I am very grateful to David Bissell for his support for this paper throughout its progress and for Scott Sharpe for his insightful comments.
Affect, ideology and education
Reconceptualizing resistance: sociology and the affective dimension of resistance†
Article first published online: 10 DEC 2013
© London School of Economics and Political Science 2013
The British Journal of Sociology
Volume 64, Issue 4, pages 559–577, December 2013
How to Cite
Hynes, M. (2013), Reconceptualizing resistance: sociology and the affective dimension of resistance. The British Journal of Sociology, 64: 559–577. doi: 10.1111/1468-4446.12038
- Issue published online: 10 DEC 2013
- Article first published online: 10 DEC 2013
- Manuscript Accepted: JAN 2013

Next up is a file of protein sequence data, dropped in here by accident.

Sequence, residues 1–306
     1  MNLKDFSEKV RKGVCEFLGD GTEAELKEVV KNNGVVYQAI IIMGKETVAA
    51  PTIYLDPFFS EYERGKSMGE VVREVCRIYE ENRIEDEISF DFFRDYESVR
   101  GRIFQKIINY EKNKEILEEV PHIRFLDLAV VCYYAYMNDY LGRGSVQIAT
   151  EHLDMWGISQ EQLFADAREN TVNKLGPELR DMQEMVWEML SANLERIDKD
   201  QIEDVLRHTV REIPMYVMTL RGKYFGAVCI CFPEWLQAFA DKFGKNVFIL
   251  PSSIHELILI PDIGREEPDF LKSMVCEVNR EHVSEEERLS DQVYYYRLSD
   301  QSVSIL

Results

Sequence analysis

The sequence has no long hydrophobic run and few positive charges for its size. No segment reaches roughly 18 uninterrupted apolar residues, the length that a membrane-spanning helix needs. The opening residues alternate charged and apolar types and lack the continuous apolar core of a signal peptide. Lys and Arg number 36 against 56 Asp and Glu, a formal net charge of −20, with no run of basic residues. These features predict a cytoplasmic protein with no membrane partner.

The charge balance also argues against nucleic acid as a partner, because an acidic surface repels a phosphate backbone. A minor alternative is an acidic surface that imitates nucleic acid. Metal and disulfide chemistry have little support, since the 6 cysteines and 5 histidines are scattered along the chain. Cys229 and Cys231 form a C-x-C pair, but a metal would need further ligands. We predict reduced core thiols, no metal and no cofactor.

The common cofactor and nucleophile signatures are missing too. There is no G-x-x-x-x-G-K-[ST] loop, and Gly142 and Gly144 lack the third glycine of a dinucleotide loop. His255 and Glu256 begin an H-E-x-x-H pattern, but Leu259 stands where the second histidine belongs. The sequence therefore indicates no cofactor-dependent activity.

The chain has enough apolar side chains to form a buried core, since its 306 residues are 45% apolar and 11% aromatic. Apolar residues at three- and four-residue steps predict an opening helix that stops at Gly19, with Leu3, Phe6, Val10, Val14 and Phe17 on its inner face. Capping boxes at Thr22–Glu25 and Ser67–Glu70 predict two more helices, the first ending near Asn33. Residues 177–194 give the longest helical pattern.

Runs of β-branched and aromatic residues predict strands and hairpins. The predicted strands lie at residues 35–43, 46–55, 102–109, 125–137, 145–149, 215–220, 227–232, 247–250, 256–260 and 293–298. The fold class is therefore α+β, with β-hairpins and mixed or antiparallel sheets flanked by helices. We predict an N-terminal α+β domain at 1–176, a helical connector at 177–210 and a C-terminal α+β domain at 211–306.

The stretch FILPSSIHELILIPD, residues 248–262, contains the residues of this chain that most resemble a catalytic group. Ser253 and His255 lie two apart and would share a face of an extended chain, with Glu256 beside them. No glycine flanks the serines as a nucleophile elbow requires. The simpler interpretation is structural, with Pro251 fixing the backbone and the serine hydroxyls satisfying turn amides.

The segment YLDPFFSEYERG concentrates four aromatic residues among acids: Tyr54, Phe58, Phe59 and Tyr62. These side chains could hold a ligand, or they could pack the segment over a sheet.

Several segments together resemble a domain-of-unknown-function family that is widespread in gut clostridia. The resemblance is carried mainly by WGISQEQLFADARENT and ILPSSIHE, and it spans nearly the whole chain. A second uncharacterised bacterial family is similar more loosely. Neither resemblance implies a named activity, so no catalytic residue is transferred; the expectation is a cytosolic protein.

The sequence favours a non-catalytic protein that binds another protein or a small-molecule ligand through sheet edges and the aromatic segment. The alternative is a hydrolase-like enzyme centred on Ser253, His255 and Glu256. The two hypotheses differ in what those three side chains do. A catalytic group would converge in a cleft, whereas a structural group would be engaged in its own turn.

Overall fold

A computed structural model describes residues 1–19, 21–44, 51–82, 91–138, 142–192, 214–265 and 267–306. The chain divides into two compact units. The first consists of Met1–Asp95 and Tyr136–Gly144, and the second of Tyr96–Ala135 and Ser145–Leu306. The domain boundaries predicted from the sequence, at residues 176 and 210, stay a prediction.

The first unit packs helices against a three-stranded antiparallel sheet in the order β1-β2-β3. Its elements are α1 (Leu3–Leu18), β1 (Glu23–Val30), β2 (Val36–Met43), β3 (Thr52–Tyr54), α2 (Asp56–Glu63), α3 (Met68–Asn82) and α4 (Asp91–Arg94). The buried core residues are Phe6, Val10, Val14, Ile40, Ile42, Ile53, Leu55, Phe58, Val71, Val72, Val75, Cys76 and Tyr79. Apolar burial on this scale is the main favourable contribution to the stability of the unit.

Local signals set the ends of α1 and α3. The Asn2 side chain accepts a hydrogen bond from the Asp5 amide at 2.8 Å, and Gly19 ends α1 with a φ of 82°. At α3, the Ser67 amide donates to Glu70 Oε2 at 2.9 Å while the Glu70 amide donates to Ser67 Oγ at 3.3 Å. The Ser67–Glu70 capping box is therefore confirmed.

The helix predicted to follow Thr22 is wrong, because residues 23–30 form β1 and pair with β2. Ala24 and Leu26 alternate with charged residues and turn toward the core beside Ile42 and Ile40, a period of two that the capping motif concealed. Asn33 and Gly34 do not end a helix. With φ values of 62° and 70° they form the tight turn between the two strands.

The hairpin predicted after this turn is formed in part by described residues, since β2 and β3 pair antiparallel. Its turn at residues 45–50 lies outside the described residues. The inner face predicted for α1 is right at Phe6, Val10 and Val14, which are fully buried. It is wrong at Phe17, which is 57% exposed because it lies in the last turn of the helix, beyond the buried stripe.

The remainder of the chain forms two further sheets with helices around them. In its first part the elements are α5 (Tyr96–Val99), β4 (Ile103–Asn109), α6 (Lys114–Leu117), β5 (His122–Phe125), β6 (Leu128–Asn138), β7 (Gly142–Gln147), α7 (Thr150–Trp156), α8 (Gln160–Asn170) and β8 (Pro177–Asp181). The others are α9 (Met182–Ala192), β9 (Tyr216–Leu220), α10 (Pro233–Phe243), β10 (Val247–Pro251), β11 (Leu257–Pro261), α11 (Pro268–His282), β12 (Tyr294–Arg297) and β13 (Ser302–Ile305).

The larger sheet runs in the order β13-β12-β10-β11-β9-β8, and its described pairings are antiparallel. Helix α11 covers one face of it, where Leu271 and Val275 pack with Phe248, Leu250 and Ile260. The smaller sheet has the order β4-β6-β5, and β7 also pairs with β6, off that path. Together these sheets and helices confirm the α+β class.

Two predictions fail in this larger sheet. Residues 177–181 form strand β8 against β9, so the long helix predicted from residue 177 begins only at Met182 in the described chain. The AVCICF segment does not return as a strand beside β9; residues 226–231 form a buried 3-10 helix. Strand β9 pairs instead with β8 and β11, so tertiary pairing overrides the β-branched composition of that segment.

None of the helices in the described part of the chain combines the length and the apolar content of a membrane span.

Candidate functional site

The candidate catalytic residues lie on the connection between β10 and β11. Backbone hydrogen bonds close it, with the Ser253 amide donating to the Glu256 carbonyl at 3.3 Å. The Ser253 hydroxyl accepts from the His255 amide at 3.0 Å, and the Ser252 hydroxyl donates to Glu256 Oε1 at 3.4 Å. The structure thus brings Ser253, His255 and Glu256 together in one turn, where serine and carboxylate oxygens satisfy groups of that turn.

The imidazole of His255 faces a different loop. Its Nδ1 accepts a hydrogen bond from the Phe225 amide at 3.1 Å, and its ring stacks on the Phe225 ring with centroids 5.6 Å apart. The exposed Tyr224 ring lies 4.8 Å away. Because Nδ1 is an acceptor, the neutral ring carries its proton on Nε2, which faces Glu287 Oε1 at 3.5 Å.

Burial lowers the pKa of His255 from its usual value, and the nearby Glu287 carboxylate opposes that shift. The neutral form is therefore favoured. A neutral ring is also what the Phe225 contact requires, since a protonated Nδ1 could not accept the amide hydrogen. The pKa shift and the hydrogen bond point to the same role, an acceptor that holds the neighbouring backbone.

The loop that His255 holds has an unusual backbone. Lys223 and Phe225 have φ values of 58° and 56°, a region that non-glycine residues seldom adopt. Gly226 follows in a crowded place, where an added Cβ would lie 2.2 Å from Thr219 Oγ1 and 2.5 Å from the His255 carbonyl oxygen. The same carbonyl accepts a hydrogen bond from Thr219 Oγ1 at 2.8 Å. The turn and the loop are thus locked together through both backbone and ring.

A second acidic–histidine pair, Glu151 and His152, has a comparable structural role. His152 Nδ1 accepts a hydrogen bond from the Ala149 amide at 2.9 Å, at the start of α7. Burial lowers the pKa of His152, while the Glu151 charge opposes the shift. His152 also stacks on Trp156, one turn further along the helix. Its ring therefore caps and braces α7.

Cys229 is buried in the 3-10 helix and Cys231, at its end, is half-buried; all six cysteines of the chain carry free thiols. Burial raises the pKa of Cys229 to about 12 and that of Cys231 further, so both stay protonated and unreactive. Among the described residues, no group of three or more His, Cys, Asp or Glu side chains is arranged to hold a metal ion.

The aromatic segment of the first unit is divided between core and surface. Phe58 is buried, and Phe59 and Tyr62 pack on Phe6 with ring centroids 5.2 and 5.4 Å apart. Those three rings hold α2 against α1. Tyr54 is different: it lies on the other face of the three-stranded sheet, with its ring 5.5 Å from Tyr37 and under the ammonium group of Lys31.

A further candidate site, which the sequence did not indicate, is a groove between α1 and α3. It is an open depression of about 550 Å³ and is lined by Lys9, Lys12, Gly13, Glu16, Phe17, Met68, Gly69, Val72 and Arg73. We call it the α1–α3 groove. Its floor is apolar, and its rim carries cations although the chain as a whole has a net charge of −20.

This paper re-examines the sociological study of resistance in light of growing interest in the concept of affect. Recent claims that we are witness to an ‘affective turn’ and calls for a ‘new sociological empiricism’ sensitive to affect indicate an emerging paradigm shift in sociology. Yet, mainstream sociological study of resistance tends to have been largely unaffected by this shift. To this end, this paper presents a case for the significance of affect as a lens by which to approach the study of resistance. My claim is not simply that the forms of actions we would normally recognize as resistance have an affective dimension. Rather, it is that the theory of affect broadens ‘resistance’ beyond the purview of the two dominant modes of analysis in sociology; namely, the study of macropolitical forms, on the one hand, and the micropolitics of everyday resistance on the other. This broadened perspective challenges the persistent assumption that ideological forms of power and resistance are the most pertinent to the contemporary world, suggesting that much power and resistance today is of a more affective nature. In making this argument, it is a Deleuzian reading of affect that is pursued, which opens up to a level of analysis beyond the common understanding of affect as emotion. I argue that an affective approach to resistance would pay attention to those barely perceptible transitions in power and mobilizations of bodily potential that operate below the conscious perceptions and subjective emotions of social actors. These affective transitions constitute a new site at which both power and resistance operate.